Wambach, a native of my hometown of Rochester, N.Y., and alumna of my all-girls Catholic high school, has always been a stable example of how women can empower each other to overcome obstacles, both on and off the field, as teammates and as allies. Her accomplishments in soccer are astounding: She has scored 184 international goals, more than any other soccer player, man or woman. She played for the U.S. women’s national soccer team for 15 years, earning a World Cup title, two gold medals and six U.S. Soccer Player of the Year accolades in the process.
Both during her career and in her retirement, Wambach has taken part in various philanthropic efforts, given talks to students and athletes and worked in countless ways to empower women — most recently, by offering her support to five of her former teammates on the national team who have filed a wage discrimination lawsuit against the United States Soccer Federation.
For a large portion of my childhood, Wambach was a larger-than-life idol to me and to countless other young girls with big dreams. But within mere hours on a Sunday afternoon, the pedestal I put her on for years came crashing down. Not all the details of the incident have been released to the public, but it is clear that Wambach made a monumental error in judgment — one that endangered others and constituted grounds for an arrest.
Last Tuesday, Wambach’s legal counsel entered a not guilty plea on her behalf in the Multnomah Circuit Court in Oregon, and Wambach is scheduled to make a court appearance later this month for a potential change in her plea. Many people on social media have criticized her legal actions, arguing that a not guilty plea undermines her “owning” her mistake. But in Oregon, judges urge defendants to enter not guilty pleas in order to give them time to fully review their cases with legal counsel. Wambach is simply following a standard procedure that allows her to make well-educated and legally sound actions.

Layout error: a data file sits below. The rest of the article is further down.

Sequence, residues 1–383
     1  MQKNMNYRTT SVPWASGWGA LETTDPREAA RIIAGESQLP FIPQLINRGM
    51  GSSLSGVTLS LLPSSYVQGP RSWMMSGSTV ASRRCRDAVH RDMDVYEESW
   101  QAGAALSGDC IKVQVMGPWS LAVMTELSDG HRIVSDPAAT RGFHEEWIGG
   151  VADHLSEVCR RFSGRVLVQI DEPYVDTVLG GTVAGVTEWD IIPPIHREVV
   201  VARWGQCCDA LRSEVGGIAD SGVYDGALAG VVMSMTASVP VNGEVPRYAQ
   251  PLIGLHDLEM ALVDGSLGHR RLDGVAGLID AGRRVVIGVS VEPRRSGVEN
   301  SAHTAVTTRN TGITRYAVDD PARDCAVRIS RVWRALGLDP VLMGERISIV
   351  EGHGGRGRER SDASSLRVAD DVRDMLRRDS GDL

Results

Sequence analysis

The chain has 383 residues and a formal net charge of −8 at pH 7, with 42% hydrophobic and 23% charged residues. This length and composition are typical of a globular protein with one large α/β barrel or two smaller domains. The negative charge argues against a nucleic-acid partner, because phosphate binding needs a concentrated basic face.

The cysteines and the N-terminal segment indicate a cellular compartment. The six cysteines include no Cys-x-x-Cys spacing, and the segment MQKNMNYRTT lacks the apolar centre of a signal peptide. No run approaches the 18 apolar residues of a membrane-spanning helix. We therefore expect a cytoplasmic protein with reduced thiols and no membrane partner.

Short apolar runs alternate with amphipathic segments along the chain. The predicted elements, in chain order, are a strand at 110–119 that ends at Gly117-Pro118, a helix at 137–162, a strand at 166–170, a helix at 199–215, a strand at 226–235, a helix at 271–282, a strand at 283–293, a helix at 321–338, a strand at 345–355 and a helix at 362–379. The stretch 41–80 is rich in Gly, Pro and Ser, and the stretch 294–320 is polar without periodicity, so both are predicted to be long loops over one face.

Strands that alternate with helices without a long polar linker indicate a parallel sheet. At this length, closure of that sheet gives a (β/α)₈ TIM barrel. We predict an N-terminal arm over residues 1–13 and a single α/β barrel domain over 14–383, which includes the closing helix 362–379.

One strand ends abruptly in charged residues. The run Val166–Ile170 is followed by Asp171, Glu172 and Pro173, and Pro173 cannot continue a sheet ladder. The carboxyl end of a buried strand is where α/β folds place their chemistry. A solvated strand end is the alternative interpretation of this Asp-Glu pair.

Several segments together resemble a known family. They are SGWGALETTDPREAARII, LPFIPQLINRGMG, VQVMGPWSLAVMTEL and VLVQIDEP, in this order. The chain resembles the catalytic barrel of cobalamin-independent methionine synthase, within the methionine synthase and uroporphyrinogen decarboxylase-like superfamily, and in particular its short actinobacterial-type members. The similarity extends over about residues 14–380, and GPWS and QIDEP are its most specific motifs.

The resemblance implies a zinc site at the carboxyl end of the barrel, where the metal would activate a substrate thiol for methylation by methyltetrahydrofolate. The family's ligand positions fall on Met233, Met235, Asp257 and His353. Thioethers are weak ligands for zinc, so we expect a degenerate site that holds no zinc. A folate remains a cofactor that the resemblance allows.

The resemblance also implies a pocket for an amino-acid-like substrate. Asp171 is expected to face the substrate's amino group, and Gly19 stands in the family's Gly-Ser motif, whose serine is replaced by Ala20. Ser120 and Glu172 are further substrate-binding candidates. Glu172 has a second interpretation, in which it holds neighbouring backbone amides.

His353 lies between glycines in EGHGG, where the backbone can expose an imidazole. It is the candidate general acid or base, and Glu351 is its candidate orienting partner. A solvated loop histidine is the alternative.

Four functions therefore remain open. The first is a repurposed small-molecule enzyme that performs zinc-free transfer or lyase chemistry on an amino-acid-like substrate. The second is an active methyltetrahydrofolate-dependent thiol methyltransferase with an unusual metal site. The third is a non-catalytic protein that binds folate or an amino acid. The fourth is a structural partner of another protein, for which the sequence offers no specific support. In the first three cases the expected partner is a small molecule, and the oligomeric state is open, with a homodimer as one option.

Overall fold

Wambach wavered in judgment, and her DUII charge has undoubtedly tarnished many fans’ views of her, but not once has she deflected blame from the situation or hesitated in apologizing for her actions. In a way, Wambach is more accessible as a role model to me now than she was when I was younger.
I am a college student with an uncertain future, over one decade removed from the 10-year-old with Olympic-sized dreams that I was when I originally started following Wambach’s career. Some of my goals have changed, and others I have let go. I have seen countless celebrities and role models that I previously looked up to fall from grace — some have taken responsibility for their actions, and some have not. But as Wambach pointed out on Saturday, while making mistakes is inevitable, owning up to them is a choice.
“As a human being, you make mistakes. It’s never about what you do in terms of that mistake, it’s about how you handle it,” Wambach said.
Wambach’s admittance of her wrongdoing will never reverse her actions, but it will also never reverse all the incredible feats and accomplishments she has made as a soccer player and as an ally to other women. There is no better way to encourage other women to be responsible and take control of their futures than by owning it.